How 'First Cow' Rewrites The Rules Of The American Western For The Better

Kelly Reichardt's First Cow opens with a quote from Romantic poet William Blake: "The bird a nest, the spider a web, man friendship." In Blake's estimation, these are the active creations of each species – as well as their homes and resting places. Humans take refuge in each other through the creation of social connection and affinity. It is natural.

How fitting that Reichardt should choose to amplify this worldview in her latest film given how her films argue that we are communal, collective creatures at heart – and much of our misery stems from the presumption that we can survive without the support of others. Her Oregon-set oeuvre has largely made this case by depicting the intimate tragedies of people who experience the pitfalls of a society that places a premium on self-sufficiency. First Cow, on the other hand, points toward a positive alternative where people can succeed not at the expense of others but in cooperation with them. Her statement is all the more potent given the genre conventions in which the film largely operates: the Western.

No one would mistake a Kelly Reichardt film for a John Ford Western, to be sure, but First Cow cleverly works within the parameters of these genre stories. Her ends are to subvert and upend certain tropes and ideologies these films tend to propagate. Reichardt issues a gentle corrective to the Western's emphasis on individualism and exceptionalism as she patiently unfurls the narrative of two striving outsiders seeking comfort, stability and success in 1820s Oregon. A genre we tend to associate with America's independence can, in fact, be retooled to show how Americans are truly interdependent at heart.

The two figures at the center of First Cow are radical Western heroes in practically every way, not just because they don't resemble the WASP-y protagonists that predominate the genre. John Magaro's Otis "Cookie" Figowitz is a Jewish cook we meet as the fur trappers he feeds bully him, and Orion Lee's King-Lu is a Chinese immigrant we meet as he's naked and vulnerable after escaping Russian trappers. Unlike the men (yes, almost exclusively men) at the center of these movies who establish their dominance through a connection with the untamed wilderness of the West, this film's duo bear more association with the civilization and culture of the East. Many Western heroes begin their films on the outside of a society that will need to bring them in for the group's own well-being; rarely are such heroes true outsiders.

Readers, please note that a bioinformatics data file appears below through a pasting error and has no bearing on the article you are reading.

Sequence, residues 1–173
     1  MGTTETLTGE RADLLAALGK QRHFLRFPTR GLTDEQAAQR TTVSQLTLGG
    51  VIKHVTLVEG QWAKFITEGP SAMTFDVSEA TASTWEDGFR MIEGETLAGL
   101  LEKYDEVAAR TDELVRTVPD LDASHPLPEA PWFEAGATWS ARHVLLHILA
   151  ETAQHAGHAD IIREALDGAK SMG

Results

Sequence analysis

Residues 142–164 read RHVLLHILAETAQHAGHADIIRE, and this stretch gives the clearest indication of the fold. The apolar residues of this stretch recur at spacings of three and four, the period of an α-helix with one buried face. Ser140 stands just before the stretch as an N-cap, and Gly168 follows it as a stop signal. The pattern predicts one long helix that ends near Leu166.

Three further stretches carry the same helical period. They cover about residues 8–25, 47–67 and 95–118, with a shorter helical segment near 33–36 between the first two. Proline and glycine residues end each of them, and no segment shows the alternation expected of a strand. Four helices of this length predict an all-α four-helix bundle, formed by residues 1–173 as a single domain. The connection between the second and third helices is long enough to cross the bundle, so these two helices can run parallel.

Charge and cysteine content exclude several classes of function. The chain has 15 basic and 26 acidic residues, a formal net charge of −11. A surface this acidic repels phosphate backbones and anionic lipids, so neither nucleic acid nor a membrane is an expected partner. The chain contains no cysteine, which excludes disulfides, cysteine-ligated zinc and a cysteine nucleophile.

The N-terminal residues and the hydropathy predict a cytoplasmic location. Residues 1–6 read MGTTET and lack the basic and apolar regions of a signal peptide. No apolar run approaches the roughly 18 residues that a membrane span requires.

As such, this affects the way they experience much of the classical Western arc as described by Will Wright in his seminal 1975 genre study "Sixguns & Society." It's striking to see how frequently First Cow meets various beats in his 16-part taxonomy of the classical Western ... but does so in a way that quietly challenges the functions, showing who they work for (and who, by extension, they do not). When Cookie and King-Lu arrive at the encampment of The Royal West Pacific Trading Post, they are entering a social group as unknowns to that society. The area is teeming with arrivals from across the globe – Scots, Russians, Irish – though neither Cookie nor King-Lu can immediately fit in with a fairly heterogenous group. While Cookie meets the European ethnic profile, he lacks the ruggedly masculine attitudes that pervade the group. King-Lu, alternatively, can match their enterprising attitudes but stands out ethnically.

Together, they fuse into a sort of collective protagonist as they team up in a proto-joint partnership. "History hasn't arrived here yet," King-Lu posits as they begin to plot out a strategy to achieve glory and transcend their lowly stations while the foundations of American capitalism remain unset. They hatch a plan to take advantage of how the West provides a land of abundance without many of the traditional institutions and power structures that would rob them of capital and standing. Through a combination of Cookie's culinary prowess and King-Lu's entrepreneurial hustle, the two set up shop to sell "oily cakes" to the encampment so they can save money toward the goal of opening a hotel in California.